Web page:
Nearly impenetrable ruby with a strong dark nose of wet wood and dank briar. A smoky heat comes off it, part pleather, part gear-lube, all concentrated ripe fruit with a hint of glorious barnyard. Sweet cassis and a good chunk of oak smooth and appeal, chalk and limestone petrichor brace you for a big thick cab.
How these wines get so ripe in the frozen North always astonishes me–and their cab is not alone. This think exudes near-Paso-like chunkiness, but the severe dry acridness of the briar and mineral nuances sharpen and invigorate the nose, driving everything down to a near-persimmon rasp of sticky berry, glycerin-y and robust.
Good solid cab in the mouth, the blackberry restrained, tepid to exposure–but not exactly shy. Beautiful consistency on the tongue, glassine and refreshingly watery, but alongside serious chops lurk. Maraschino and delicate amaretto poke at sharp cranberry fruit, acid invigorating and morphing slowly to brash tannin. The black-as-night fruit never goes away, making the finish a memorable symphony of dessert and structure.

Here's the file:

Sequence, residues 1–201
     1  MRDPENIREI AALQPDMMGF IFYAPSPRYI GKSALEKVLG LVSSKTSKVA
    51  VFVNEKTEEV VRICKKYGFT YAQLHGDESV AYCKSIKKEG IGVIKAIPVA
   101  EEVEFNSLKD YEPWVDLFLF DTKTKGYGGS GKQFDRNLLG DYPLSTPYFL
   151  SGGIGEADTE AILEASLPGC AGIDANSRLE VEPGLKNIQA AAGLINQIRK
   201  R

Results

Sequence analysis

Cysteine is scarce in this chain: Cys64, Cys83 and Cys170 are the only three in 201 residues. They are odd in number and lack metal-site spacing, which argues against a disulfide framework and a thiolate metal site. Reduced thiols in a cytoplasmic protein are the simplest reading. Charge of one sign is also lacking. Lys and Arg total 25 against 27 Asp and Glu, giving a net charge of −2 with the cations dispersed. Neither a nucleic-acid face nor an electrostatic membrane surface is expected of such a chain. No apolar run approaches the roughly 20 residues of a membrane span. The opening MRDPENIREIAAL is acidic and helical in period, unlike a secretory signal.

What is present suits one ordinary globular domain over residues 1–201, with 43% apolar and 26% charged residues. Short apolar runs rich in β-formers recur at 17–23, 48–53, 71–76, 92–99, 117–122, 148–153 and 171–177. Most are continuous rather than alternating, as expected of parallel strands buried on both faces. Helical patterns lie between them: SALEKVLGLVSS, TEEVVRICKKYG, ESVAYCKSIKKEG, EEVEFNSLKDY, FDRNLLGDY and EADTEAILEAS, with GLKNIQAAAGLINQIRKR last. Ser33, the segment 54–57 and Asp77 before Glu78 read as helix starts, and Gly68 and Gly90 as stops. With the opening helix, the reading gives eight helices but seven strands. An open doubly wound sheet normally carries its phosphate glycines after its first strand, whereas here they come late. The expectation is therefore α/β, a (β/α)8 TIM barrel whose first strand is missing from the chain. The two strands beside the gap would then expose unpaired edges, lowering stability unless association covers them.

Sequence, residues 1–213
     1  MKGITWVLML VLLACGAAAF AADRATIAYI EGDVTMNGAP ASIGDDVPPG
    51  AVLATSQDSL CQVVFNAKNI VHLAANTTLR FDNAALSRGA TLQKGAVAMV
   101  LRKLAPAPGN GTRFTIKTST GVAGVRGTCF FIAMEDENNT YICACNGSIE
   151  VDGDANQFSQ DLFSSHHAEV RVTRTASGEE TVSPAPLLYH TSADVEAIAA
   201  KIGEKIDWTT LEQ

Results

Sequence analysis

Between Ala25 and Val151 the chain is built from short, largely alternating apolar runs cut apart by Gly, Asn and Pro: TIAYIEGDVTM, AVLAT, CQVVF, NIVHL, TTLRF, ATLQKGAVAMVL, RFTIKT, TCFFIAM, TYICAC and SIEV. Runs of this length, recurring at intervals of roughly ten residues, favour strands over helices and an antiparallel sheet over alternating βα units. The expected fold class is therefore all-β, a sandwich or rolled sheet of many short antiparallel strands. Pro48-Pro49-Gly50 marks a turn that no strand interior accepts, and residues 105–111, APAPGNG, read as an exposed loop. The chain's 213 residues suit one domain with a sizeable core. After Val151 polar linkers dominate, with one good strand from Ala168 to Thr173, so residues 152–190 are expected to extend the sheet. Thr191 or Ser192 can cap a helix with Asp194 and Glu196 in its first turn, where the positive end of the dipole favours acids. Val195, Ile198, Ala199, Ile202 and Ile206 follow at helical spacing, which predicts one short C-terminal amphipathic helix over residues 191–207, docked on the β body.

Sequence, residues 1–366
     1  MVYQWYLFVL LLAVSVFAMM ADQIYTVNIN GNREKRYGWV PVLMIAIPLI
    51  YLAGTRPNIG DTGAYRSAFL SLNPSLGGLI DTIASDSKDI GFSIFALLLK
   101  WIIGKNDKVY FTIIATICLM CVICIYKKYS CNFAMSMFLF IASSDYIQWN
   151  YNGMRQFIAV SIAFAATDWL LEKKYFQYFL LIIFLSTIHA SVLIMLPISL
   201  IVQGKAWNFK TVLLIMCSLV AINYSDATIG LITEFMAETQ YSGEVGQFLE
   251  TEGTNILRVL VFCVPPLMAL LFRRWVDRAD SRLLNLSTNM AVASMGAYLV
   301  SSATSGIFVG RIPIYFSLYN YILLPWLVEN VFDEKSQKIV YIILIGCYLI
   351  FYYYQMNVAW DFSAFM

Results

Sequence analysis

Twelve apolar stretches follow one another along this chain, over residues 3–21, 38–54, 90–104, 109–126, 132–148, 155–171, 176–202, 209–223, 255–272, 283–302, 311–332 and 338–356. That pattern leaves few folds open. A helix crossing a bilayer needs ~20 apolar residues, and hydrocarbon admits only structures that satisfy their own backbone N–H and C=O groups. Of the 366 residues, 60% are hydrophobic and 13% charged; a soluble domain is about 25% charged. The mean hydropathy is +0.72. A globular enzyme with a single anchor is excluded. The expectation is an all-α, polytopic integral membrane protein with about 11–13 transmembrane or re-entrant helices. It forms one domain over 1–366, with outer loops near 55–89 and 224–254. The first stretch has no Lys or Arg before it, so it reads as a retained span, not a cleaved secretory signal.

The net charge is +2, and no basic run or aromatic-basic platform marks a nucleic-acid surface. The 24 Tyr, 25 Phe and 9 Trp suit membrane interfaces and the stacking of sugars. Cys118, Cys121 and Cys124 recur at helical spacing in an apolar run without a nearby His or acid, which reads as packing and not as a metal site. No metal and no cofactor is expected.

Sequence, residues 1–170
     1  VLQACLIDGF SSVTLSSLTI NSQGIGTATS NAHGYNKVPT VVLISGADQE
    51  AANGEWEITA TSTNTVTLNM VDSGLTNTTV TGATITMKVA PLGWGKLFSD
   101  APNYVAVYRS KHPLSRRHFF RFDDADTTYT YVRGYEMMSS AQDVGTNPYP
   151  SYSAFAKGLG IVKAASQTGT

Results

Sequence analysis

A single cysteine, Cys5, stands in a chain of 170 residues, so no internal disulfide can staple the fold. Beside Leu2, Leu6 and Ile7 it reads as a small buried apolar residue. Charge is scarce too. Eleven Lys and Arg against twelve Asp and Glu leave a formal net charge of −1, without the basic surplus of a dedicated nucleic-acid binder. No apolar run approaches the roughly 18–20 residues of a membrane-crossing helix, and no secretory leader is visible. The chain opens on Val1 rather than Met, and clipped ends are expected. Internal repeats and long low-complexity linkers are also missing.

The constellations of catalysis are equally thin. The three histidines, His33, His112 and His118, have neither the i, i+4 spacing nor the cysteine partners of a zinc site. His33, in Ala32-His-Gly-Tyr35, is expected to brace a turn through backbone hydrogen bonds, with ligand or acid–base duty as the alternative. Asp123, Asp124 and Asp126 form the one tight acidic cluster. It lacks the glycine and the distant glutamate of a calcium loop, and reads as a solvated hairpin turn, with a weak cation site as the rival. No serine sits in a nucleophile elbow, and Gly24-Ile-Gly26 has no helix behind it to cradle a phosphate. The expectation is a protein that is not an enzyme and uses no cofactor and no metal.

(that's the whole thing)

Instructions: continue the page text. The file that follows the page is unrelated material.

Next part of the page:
Mouth-wipingly vibrant, concentration on 11, but don’t get me wrong: this is NOT Napa Valley cab. This isn’t WA cab. Not Austrian cab. The main take-away is this is not green and weird. This could show shockingly well against a wide grouping of cab from all over Sonoma or Mendocino. Either the climate is perfect up there for growing structured, restrained Cabernet, or there’s some serious manipulation going on. I reviewed this 2 years ago and everything is progressing nicely.
2015 DESERT HILLS Cabernet Sauvignon Black Sage Bench Okanagan BC Canada 13.5